The soothing effect of the warm-water immersion is crucial for this type of therapy because people in this group tend to struggle with the usual land mind-body techniques, such as yoga, tai chi and meditation. “You take someone who is very high strung and you ask them to sit calmly, it doesn’t work very well,” Wykle said.


There’s also a good chance that people may be smarter in water, according to Dr. Eadric Bressel, a professor and clinical research scientist in the Sports Medicine Program at Utah State University. His research focuses on understanding how water immersion helps in learning new information, critical decision making or even slows down age-related cognitive decline.

“This type of research was mainly done with astronauts in deep-water pools practicing skills they would use on a spacewalk,” Bressel said. “But performing operations at 5 meters below water surface is not applicable to people at an aquatic facility.”

Building on research from Japan that showed an increased blood flow in subjects immersed in chest-deep water, Bressel wanted to see if the same scenario would translate to performance change. His recent study was an auditory vigilance test, which measured how well participants could listen to a series of letters and retain how many times a particular letter was mentioned. The test was administered to a group on land and in chest-deep water at 82 degrees.

“Our hypothesis was that in water, an added challenge would be maintaining their balance and that doing two things at the same time would create more errors,” Bressel said. “That wasn’t the case. No matter what we threw at them, they performed better in water.”

The big trick behind the better result, according to Bressel, is the already mentioned calming effect that you don’t get with cooler water as it “allows you to be more relaxed and pay better attention.”

Bressel is hoping to use these findings in future studies of groups with greater cognitive challenges, such as re-learning skills after a stroke or after spinal cord injuries. It’s also possible that they can have a beneficial effect on working with age-related cognitive decline.

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Diabetes is another area where immersion therapy seems to be beneficial. Considering that physical exercise is effective therapy for patients with type 2 diabetes mellitus, Dr. Hooper and his colleagues at McKee Medical Center in Loveland, Colo. decided to ask the question: Would the effects of partial immersion in a hot tub simulate the beneficial effects of exercise? The study involved eight patients sitting in a hot tub at an athletic facility with water up to their shoulders, for 30 minutes a day, six days a week, for three weeks. The temperature of the water in the tub ranged from 37.8 degrees C to 41.0 C. After 10 days, one patient reduced his dose of insulin by 18 percent to prevent hypoglycemic reactions, and the mean weight and fasting plasma glucose levels of the group decreased, as reported on Sept. 16, 1999 in the New England Journal of Medicine.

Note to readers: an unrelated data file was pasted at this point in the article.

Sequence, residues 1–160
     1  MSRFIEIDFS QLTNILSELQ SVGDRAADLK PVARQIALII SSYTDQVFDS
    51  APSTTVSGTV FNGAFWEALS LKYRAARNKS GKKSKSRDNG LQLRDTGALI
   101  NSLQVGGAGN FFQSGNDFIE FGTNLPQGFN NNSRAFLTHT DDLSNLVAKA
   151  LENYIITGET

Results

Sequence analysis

Dr. Hooper explicitly stated that the use of hot tubs for patients with diabetes requires further research and should be considered with caution, especially when it comes to the potential adverse effects on the cardiovascular system, infections, burns of the feet affected by neuropathy and risks when leaving the hot tub.

Building on the notion that exercise is vital for diabetes management, Dr. “Guy” Hornsby Jr., a professor at West Virginia University, focused his research also on patients with type-2 diabetes but in cooler water.  The 32 participants exercised in the pool and a traditional land-based lab, and researchers measured the improvement of their fitness and psychological outlook.

“Usually people in this group don’t like to exercise,” Hornsby said. “What we do know is that people in the pool improved the same way as people on land. We haven’t thoroughly looked the psychological results of the study yet but my feeling is that people who exercised in the pool liked it better.” His response is supported by the fact that several years later, six of those who exercised in the pool continue to do so, compared to just one person from the land exercise group. He’s hoping that future research will bring even greater understanding to how to manage diabetes and improve the patients’ quality of life.